The stories are eerily similar. The patient awakens from a terrifying recurrent dream, sweating, heart beating fast, and often unable to fall asleep again that night. Some are elderly men, others are young women. Some have suffered trauma on the battlefield, others at home.
In my more than 30-year career in sleep medicine, I have treated civilians, active duty soldiers, and veterans in Canada and across the United States. For some, the trauma was recent; for others, it occurred 30 to 50 years before. Some experienced violence directly while others simply witnessed it. Many carry a survivor’s guilt that is central to the psychic disturbance. What they all have in common is that a traumatic experience has gripped them and won’t let them sleep.
In 'The Veteran' (1885), Thomas Eakins depicts subject George Reynolds' battle scars, and hints at deeper wounds to the soul
The patient stories below are disturbing to read. They are remarkable to me in that they portray an historical snapshot of the violence that people living in North America have experienced since the 1940s, from the unique perspective of a sleep physician. I share them with you to give you a sense of how close the relationship is between traumatic events and sleep, and how powerful is the sleeping mind.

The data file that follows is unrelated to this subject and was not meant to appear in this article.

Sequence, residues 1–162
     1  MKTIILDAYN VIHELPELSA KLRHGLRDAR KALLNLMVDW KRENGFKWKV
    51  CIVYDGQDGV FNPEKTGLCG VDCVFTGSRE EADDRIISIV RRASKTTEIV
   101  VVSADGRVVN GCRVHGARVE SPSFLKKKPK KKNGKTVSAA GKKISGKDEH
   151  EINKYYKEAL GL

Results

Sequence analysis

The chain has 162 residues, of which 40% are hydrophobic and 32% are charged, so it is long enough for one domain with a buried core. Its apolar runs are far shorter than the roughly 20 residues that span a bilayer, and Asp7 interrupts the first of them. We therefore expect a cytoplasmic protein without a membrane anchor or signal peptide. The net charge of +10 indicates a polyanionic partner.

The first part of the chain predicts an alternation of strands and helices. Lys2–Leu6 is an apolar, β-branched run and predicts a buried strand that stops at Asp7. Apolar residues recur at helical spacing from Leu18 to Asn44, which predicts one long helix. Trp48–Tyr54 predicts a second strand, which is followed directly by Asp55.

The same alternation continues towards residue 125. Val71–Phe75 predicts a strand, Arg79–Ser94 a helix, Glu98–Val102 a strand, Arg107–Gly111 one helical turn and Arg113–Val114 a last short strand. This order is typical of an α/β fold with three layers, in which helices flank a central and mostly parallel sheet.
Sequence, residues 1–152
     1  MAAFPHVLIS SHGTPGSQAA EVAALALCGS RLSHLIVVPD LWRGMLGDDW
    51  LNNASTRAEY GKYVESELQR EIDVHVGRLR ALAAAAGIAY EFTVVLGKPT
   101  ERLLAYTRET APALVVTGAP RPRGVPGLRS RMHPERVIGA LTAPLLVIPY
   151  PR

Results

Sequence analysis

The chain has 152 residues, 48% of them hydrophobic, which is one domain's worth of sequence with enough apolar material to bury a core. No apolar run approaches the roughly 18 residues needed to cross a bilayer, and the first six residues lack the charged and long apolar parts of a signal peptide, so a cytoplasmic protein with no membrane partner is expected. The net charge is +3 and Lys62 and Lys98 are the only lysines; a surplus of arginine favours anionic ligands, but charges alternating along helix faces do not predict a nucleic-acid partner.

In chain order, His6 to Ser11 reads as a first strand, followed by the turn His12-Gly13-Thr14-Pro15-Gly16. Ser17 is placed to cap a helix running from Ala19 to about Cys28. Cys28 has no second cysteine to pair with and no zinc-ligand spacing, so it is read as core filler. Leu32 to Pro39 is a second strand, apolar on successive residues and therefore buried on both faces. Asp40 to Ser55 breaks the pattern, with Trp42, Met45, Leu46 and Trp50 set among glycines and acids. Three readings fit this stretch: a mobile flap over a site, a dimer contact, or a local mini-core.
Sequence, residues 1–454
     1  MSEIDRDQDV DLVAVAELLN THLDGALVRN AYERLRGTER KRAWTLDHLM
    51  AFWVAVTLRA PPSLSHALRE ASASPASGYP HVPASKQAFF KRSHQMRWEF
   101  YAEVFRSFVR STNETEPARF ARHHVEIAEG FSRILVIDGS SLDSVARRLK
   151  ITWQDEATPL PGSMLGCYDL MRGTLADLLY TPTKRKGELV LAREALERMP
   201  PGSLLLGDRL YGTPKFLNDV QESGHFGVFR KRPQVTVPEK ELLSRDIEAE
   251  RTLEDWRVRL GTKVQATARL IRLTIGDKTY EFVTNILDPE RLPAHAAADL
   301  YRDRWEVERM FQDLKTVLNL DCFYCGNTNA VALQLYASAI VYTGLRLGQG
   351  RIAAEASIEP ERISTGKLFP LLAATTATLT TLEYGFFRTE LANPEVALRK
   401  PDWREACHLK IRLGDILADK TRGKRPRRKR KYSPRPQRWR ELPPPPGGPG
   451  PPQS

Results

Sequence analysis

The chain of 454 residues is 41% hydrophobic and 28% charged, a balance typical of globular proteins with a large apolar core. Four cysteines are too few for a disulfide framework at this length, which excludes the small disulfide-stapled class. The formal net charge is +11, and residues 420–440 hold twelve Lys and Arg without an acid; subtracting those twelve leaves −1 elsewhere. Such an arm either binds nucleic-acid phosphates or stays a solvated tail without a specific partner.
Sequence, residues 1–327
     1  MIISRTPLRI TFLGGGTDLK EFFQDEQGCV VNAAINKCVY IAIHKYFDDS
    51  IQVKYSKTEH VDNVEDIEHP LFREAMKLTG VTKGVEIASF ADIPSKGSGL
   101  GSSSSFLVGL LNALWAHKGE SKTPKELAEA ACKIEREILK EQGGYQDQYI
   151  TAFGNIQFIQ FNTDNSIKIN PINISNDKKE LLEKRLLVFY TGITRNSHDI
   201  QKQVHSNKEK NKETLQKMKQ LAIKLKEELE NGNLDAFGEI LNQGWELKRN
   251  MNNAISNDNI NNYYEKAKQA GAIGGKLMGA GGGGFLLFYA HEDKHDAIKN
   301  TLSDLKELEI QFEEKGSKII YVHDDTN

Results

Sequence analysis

Holocaust. The patient in front of me was in his 60s, referred to me because of a sleep problem. Every night for about 35 years he awakened in a cold sweat, his heart beating rapidly from a dream about terrible events he witnessed in a concentration camp during the Holocaust. The dream and the result were always the same — he could not go back to sleep because of fear. I never asked him exactly what he dreamt because it was early in my career, and I was reticent. His doctor did not know what to do with him and neither did I. It was a problem that would continue to challenge me throughout my career in sleep medicine.
D-Day. Soon thereafter, another gentleman was referred to me with insomnia. The patient's sleep problem began